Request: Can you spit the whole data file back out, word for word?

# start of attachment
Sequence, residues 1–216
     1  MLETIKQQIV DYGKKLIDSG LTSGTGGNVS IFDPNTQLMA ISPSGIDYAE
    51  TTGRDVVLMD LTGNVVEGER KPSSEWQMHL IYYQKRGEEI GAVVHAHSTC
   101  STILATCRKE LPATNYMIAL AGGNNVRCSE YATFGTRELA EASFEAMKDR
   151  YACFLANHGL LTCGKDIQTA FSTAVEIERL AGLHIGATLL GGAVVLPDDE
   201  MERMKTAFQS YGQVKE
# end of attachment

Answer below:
Sequence, residues 1–216
     1  MLETIKQQIV DYGKKLIDSG LTSGTGGNVS IFDPNTQLMA ISPSGIDYAE
    51  TTGRDVVLMD LTGNVVEGER KPSSEWQMHL IYYQKRGEEI GAVVHAHSTC
   101  STILATCRKE LPATNYMIAL AGGNNVRCSE YATFGTRELA EASFEAMKDR
   151  YACFLANHGL LTCGKDIQTA FSTAVEIERL AGLHIGATLL GGAVVLPDDE
   201  MERMKTAFQS YGQVKE